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Formula for Exponential Matrices |
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The Baker-Campbell-Hausdorff Formula (BCHF) for Exponential Matrices is a beautiful bit of technical mathematics that was worked out separately by John Edward Campbell (1897). It was exteded by Henri Poincaré (1899) and Henry Frederick Baker (1902). It was further elaborated by Felix Hausdorff in 1906. The explicit formula was not formulated until 1947 by Eugene Dynkin.
The BCH ties into the series solution for nonlinear matrix differential equations developed by Wilhelm Magnus in 1954. It also shows why the commutator of two operators plays such a prominent role in physical theory.
The BCHF has various forms, but the one of most use has to do with the transformation of Exp(A+B), where Exp( ) is the matrix exponential function of square matrices and A and B are n×n matrices. If A and B commute (AB=BA) then
This could be a nice decomposition of a solution in which Exp(A) might represent the oscillatory aspects of the solution and Exp(B) the unoscillatory aspects. For example, consider the graph of the probability density of a harmonic oscillar from Schrödinger's equation in quantum theory.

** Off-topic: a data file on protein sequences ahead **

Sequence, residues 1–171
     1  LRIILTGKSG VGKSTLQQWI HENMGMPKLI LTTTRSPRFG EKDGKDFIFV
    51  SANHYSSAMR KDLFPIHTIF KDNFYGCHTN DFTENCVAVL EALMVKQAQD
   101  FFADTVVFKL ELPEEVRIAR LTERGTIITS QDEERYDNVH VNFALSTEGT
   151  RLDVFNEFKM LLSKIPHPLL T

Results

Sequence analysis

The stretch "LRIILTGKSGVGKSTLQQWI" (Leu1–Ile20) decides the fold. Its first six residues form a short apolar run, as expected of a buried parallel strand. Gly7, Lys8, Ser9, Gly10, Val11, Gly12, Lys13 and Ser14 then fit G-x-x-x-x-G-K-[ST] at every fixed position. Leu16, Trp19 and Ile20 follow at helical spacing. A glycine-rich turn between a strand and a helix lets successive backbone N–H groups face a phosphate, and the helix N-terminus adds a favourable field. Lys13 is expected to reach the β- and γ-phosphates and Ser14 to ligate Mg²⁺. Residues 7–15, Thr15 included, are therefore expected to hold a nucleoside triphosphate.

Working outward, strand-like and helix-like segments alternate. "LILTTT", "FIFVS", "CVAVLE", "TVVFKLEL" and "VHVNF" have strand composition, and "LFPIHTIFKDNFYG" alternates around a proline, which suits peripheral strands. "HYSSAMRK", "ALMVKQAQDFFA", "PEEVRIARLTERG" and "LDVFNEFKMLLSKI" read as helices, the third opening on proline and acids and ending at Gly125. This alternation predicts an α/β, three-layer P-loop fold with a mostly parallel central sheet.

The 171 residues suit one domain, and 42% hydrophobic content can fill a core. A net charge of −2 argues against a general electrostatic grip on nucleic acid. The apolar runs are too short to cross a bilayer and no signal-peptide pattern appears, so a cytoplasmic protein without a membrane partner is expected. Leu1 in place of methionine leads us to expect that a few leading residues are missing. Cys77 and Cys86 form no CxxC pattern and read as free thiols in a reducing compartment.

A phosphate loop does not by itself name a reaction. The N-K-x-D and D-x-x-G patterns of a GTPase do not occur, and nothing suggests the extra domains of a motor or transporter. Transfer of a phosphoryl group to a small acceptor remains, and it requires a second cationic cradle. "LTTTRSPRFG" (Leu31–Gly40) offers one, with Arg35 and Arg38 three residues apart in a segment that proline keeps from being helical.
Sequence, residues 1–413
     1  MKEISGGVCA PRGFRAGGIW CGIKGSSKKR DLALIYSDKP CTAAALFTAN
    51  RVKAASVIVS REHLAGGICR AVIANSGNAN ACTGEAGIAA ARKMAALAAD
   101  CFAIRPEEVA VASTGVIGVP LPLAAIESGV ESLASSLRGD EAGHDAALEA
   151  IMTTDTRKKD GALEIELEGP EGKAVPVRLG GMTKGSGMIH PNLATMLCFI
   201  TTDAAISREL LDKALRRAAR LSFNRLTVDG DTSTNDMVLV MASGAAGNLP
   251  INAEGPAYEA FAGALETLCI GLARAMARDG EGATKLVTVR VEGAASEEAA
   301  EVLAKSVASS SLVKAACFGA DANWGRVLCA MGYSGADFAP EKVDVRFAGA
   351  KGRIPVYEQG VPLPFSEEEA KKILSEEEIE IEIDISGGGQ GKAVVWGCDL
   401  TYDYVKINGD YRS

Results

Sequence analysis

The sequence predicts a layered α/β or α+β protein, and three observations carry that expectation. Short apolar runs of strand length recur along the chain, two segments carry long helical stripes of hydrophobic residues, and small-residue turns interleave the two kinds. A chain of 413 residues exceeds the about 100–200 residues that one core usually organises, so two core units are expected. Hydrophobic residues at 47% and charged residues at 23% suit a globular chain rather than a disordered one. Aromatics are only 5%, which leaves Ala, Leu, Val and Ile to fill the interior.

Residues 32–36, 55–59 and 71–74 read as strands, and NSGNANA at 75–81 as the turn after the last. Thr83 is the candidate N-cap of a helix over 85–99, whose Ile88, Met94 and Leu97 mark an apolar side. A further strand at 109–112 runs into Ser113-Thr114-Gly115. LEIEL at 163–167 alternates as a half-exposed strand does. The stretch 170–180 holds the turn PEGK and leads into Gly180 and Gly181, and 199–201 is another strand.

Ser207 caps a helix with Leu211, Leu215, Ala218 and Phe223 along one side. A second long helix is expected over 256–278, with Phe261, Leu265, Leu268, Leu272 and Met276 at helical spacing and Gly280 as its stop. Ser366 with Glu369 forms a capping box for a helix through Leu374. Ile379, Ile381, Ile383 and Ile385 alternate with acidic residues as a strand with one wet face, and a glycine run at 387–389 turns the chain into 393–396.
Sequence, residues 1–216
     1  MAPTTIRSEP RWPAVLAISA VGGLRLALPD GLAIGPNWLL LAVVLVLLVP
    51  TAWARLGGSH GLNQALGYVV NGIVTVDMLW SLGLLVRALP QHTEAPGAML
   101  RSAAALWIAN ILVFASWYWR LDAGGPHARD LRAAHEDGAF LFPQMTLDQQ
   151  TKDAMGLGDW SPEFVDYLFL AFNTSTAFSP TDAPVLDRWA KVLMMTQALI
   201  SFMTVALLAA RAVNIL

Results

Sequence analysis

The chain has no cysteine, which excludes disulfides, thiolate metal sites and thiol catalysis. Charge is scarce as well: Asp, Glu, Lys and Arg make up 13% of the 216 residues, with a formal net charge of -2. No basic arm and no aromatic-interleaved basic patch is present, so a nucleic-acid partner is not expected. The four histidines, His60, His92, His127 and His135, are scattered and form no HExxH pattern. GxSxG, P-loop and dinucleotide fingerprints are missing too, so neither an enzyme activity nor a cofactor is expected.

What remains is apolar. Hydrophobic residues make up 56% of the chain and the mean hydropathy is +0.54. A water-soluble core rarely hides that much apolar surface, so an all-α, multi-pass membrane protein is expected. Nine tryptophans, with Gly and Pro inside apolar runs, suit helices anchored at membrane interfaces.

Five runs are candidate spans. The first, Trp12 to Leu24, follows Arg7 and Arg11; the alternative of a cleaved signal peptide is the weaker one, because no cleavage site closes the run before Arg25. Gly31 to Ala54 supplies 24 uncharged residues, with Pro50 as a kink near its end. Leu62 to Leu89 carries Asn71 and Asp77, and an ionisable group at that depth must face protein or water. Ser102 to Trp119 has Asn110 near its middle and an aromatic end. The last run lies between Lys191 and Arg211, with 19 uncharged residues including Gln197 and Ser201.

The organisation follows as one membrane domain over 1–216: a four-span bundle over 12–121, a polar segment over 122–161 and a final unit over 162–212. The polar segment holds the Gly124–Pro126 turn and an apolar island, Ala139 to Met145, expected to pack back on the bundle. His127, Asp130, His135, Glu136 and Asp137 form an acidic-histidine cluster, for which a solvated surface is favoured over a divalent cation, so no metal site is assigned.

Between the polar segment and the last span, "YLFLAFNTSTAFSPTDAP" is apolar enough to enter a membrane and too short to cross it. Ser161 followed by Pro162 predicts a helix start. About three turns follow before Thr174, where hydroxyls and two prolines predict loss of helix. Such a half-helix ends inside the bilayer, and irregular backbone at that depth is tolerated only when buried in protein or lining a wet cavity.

The heavy line is the spatial average.
The BCHF has to do with what Exp(A+B) is equal to if A and B do not commute. It gives a sequence of products of exponential matrices which asymptotically approach Exp(A+B). The first in the sequence is Exp(A)Exp(B) or Exp(B)Exp(A).
Let [A, B] be the commutator of A and B; i.e., AB−BA. The second in the sequence is
The third in the sequence involves [A, [A, B]) and [B, [A, B]); i.e.,
Thus if A and B commute with their commutator then
The other way the BCHF is represented is as
(To be continued.)
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